The 2020 Mid-Year Economic Update_long

U.S. Industrial Outlook: Solid Manufacturing Growth Through 2015

Production growth driven primarily by business investment.

A number of key factors indicate that manufacturing has potential for solid growth through 2015, according to the quarterly Manufacturers Alliance for Productivity and Innovation U.S. Industrial Outlook, a report that analyzes 27 major industries.

Manufacturing industrial production increased at a 4.7 percent annual rate during the fourth quarter of 2013 before flattening out in the first quarter of 2014. Inflation-adjusted GDP decelerated to a 2.6 percent annual rate in the fourth quarter and will likely be less than 2 percent in the first quarter of 2014. Both declines, however, are anticipated to be short-lived.

Manufacturing production increased 2.3 percent in 2013. MAPI forecasts growth of 3.2 percent in 2014, an advance from the 3.1 percent forecast in the December 2013 report. The momentum is likely to continue in 2015, with growth forecast to be 4 percent, down only slightly from 4.1 percent from the previous report.

“Business investment–driven manufacturing is responsible for nearly all of the acceleration in production growth,” said Daniel J. Meckstroth, Ph.D., MAPI chief economist. “Firms have lots of cash, are profitable, and have relatively high utilization rates. Importantly, the two-year federal budget and debt ceiling agreement substantially reduce uncertainty. Now that the eurozone has come out of recession and emerging markets seem more resilient, export activity should pick up and provide a boost to business sentiment.”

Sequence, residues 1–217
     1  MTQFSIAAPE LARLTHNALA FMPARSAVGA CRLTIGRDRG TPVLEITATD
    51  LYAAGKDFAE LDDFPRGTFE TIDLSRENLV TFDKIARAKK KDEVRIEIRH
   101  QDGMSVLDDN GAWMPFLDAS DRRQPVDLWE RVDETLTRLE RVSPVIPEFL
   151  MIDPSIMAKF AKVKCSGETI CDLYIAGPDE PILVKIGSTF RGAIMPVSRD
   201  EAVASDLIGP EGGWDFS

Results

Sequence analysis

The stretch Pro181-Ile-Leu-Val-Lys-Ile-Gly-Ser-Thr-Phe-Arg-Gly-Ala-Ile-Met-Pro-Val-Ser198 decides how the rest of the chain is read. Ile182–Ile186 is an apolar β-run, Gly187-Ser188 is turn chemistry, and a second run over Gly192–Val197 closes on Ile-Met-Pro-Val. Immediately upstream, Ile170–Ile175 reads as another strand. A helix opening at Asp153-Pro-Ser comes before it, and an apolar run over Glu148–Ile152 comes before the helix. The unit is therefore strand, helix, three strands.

The report offers economic forecasts for 23 of the 27 industries. MAPI anticipates that 20 industries will show gains in 2014 and three will remain flat. Growth leaders include housing starts with a 22 percent increase, industrial machinery at 9 percent and electric lighting equipment at 8 percent.

In 2015, growth is expected in all 23 industries, led by housing starts at 30 percent and both electric lighting equipment and aerospace products and parts at 11 percent.

According to the report, non-high-tech manufacturing production (which accounts for 95 percent of the total) is anticipated to increase 2.9 percent in 2014 and 3.8 percent in 2015. High-tech industrial production (computers and electronic products) is projected to expand by 6.8 percent in 2014 and 7.2 percent in 2015.

From November 2013 through January 2014, 14 of the 27 industries MAPI monitors had inflation-adjusted new orders or production at or above the level of one year prior (four fewer than reported last quarter), while 10 declined and three were flat.

Meckstroth reported that nine industries are in the accelerating growth (recovery) phase of the business cycle; six are in the decelerating growth (expansion) phase; seven are in the accelerating decline (either early recession or mid-recession) phase; and five are in the decelerating decline (late recession or very mild recession) phase.

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